When I raced to see the Book of Kells recently in Dublin to discover the museum was closing early, a rarity, in 10 minutes, I took my chances and entered. For five minutes I was alone with the manuscript on view. A friend told me that was a gift for it’s often so crowded that you can’t get close. It was opened to the beautifully depicted John 1:1:
In the beginning was the Word and the Word was with God, and the Word was God. He was with God in the beginning.
This scripture is pivotal for me, even before viewing the sacred manuscript artistically and painstakingly rendered by Ionian monks during the 500s. For some time, I have labored with what “Word” means in this context. I clamored for my interpretation, not the dictionary's or anyone else's. I was looking for the deep-in-my bones, soul meaning. Beyond contemporary usage, I searched for the Aramaic meaning, the language used in Jesus' time. Rabbis used the term "Memra" to mean divine wisdom, sometimes distinct from God.
Looking at it since my experience in Dublin, it is clear to me it references Christ or, more precisely, what I call the Christ Energy. Word is a mystical energy that carries God’s promise of love. That very same energy bounced off the dome of Paris’ Sacre Coeur basilica – where Jesus is depicted in white and gold, rays permeating outward – when I took an overnight pilgrimage one week after visiting the Book of Kells.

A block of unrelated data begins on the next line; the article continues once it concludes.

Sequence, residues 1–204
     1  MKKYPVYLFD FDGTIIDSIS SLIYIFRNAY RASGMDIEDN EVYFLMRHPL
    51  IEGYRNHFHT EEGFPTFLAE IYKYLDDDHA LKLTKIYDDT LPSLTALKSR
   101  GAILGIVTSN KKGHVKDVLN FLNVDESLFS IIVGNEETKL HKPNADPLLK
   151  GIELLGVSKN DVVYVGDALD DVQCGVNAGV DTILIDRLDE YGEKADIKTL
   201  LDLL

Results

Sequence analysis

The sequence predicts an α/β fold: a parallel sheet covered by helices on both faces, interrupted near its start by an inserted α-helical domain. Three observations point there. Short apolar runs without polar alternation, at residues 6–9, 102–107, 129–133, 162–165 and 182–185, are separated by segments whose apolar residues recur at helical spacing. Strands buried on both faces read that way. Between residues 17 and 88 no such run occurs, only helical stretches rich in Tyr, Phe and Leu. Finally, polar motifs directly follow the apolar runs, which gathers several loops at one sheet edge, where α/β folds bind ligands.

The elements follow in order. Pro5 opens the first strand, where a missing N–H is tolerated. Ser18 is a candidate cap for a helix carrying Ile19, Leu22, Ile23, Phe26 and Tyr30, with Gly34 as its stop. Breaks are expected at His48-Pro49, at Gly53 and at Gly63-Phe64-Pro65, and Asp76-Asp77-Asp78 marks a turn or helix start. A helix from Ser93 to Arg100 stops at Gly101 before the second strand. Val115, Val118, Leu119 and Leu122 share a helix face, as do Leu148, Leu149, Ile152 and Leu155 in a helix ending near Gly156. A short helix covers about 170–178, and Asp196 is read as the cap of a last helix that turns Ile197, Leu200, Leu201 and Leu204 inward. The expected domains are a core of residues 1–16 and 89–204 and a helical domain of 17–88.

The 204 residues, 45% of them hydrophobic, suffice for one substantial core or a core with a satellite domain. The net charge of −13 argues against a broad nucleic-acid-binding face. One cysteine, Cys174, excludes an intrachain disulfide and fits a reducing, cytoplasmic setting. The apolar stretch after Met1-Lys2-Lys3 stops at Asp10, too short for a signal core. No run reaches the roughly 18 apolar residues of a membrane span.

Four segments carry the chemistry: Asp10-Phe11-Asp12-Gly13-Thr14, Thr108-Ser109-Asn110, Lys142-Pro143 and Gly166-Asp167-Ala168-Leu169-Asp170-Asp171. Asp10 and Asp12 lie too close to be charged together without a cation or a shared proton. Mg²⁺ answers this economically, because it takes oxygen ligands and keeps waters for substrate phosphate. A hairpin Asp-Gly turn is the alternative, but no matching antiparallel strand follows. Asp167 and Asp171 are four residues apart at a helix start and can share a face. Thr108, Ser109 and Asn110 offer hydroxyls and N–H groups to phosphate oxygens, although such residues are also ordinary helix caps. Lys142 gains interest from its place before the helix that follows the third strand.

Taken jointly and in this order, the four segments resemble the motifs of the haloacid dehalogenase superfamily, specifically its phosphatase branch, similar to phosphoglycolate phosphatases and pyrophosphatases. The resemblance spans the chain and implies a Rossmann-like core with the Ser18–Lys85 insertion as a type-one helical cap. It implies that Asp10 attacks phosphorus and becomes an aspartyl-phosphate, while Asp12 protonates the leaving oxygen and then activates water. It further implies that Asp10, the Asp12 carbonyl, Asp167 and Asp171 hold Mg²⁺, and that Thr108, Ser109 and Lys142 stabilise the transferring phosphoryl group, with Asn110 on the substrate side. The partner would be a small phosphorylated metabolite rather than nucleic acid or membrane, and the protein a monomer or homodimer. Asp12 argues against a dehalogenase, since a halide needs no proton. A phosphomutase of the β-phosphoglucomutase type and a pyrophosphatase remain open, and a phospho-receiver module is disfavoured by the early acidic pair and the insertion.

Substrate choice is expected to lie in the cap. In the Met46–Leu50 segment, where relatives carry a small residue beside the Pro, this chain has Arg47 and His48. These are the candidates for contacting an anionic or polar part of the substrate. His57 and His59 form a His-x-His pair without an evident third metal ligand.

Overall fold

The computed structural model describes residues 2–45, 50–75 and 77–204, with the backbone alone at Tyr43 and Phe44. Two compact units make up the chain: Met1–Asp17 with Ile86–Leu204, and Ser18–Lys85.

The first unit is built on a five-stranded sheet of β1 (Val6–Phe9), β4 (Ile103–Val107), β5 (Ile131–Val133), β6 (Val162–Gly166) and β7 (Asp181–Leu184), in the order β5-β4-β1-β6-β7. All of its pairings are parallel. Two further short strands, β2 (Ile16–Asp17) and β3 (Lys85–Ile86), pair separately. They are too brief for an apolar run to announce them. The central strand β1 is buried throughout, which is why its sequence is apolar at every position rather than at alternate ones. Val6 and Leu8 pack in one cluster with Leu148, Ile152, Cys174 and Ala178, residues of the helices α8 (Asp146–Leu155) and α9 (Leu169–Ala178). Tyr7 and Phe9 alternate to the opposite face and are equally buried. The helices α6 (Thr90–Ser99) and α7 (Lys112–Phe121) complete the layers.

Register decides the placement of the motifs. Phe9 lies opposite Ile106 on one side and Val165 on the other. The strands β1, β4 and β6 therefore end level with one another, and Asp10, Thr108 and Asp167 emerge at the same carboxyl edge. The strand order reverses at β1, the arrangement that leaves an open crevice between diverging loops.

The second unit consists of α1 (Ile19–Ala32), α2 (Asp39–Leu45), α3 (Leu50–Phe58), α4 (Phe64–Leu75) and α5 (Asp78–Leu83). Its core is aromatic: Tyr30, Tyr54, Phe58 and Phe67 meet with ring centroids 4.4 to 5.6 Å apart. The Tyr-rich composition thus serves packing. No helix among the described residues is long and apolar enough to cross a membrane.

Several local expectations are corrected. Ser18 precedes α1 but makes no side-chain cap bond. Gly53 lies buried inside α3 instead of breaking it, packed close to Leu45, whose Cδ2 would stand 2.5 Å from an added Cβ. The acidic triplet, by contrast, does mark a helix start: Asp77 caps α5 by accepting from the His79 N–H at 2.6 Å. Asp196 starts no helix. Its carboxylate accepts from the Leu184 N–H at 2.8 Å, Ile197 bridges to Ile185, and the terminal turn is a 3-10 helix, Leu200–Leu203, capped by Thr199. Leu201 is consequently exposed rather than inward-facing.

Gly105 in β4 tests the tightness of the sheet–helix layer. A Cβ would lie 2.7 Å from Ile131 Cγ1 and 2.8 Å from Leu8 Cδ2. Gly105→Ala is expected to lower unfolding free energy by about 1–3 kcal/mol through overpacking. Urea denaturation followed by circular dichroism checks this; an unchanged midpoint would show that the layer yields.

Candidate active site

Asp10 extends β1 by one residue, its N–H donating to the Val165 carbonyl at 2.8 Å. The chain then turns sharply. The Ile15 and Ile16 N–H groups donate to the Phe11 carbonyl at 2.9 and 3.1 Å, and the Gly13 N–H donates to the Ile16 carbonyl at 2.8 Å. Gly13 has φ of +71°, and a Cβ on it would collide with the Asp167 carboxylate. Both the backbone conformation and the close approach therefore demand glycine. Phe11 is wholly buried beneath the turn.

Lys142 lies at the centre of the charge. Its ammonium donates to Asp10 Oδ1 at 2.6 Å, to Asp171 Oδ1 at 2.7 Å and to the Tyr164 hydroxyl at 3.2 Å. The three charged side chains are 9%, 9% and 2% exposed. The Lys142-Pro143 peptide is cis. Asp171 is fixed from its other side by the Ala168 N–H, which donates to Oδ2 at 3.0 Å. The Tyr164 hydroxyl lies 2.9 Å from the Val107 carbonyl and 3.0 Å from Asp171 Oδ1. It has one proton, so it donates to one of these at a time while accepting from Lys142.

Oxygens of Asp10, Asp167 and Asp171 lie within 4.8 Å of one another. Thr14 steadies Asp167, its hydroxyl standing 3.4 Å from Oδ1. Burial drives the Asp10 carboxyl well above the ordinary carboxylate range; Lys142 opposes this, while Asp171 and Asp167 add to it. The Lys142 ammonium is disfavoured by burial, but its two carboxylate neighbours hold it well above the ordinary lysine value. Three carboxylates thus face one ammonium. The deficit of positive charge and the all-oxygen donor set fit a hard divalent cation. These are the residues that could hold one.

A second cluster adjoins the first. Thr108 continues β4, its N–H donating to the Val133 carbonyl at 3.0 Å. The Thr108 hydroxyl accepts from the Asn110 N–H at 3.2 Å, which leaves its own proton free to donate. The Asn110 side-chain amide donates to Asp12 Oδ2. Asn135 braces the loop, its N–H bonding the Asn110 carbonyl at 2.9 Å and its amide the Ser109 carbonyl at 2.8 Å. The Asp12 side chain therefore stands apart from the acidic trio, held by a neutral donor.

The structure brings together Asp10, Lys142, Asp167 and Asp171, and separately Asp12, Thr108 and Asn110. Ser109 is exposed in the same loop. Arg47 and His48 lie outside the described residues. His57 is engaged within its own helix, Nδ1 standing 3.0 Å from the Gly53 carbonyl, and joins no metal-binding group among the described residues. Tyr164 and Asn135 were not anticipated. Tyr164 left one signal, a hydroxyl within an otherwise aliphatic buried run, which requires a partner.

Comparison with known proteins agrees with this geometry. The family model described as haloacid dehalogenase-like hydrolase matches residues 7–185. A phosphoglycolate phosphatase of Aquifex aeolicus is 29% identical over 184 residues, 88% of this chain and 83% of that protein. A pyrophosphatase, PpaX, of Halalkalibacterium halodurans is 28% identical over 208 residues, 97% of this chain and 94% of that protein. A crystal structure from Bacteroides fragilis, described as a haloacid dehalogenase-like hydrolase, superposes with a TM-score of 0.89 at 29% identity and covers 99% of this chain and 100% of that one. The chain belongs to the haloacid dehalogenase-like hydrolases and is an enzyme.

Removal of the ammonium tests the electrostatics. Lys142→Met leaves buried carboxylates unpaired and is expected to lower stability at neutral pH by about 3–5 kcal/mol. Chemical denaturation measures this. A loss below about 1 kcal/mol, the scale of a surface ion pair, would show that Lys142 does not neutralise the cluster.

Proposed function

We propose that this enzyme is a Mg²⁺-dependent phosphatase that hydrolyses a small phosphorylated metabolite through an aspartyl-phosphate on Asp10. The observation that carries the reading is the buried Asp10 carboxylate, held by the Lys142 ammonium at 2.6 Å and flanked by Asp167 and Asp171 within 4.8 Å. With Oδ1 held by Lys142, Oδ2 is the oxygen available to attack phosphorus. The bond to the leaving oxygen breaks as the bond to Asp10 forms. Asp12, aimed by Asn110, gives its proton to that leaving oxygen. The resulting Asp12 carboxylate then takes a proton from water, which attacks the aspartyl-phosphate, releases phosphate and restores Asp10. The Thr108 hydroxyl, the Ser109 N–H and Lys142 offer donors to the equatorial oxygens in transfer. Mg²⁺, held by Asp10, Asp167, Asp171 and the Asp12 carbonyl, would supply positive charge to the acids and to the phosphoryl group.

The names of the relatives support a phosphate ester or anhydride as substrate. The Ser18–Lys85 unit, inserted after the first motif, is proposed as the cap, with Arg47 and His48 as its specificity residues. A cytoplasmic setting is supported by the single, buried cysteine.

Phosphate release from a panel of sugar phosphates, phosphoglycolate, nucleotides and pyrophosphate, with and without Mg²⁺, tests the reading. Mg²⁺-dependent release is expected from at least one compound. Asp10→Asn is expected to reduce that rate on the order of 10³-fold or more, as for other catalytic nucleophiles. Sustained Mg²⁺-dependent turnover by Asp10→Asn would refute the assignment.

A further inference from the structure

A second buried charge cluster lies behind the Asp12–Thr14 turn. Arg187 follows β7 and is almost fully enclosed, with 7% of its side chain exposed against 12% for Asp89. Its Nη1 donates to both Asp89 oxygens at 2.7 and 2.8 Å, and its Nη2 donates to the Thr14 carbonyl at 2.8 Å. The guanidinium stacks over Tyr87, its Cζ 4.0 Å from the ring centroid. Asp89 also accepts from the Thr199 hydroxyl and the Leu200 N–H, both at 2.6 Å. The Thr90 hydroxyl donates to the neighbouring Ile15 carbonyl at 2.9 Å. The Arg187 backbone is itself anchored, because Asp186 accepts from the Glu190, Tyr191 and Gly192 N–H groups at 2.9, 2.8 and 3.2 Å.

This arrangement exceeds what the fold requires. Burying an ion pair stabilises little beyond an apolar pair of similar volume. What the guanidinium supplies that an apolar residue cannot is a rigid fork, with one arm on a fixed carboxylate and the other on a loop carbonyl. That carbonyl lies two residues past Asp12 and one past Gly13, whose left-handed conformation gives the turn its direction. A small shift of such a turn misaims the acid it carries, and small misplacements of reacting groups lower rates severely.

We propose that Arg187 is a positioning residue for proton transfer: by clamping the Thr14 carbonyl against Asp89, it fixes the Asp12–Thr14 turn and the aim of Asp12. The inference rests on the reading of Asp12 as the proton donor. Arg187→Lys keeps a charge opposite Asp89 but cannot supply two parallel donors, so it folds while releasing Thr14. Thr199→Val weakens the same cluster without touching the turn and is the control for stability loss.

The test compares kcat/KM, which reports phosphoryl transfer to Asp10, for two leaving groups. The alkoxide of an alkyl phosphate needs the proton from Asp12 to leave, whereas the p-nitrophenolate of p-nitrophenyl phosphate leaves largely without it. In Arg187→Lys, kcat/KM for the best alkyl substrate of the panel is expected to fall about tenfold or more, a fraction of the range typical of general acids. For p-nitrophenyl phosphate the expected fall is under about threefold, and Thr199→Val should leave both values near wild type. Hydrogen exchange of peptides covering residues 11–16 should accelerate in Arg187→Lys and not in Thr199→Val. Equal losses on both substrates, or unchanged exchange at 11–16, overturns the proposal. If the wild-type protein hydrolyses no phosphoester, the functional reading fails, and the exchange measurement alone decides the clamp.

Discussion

“Promise of the sacred heart: I don’t have to do anything special, but focus on God and Jesus. I [really] don’t have to do anything, God just loves me. I need to feel that in every cell." – Journal entry 12th June, 2014 during Sacre Coeur Night of Adoration
Sitting last week in on an afternoon session of QuakerSpring , the annual gathering of Friends across all branches hosted by Conservative Friends, a Dublin Friend, coincidentally, who has been living the peace testimony since the 1970s, unpacked his research into the authentic words of Quaker founder George Fox. Clearly, for this Friend, Fox, too, heartily believed Jesus is the Word, the Word we are to follow. Apparently Fox could debate and recite Scripture with the best of them, which he did. Yet he and early Friends espoused that Christ is the word of God and they would always follow Jesus even when contradicting the Old Testament. According to Charles Lamb, the Irish Friend and peace activist, Scripture included the laws and prophets until John and, after that, the kingdom had come and was "now being spoken by his son."
The thread of Christ ran through my two days at QuakerSpring, knitting in more keenly the idea implanted in me at Trinity College's Book of Kells and Sacre Coeur that Christ is present now to all. Of course I have known this intellectually, drummed into me since I was a child, and, as Fox would say, experimentally – from my own experience. This time, however, I see the implicit promise of sacred, unconditional love, even for me. I must do nothing.• Who or what does Jesus represent to me?
• What are my intellectual ideas about him?
• How have I experienced Christ?
• What has challenged me to refine my understanding?
• How do I share my experience of God's eternal love?
cutting through centuries
on a gilded page
crafted far away
yet present today
and on a ceiling,
rays that pull
me into the
orb of love
of a Quaker
the Word we
is there for
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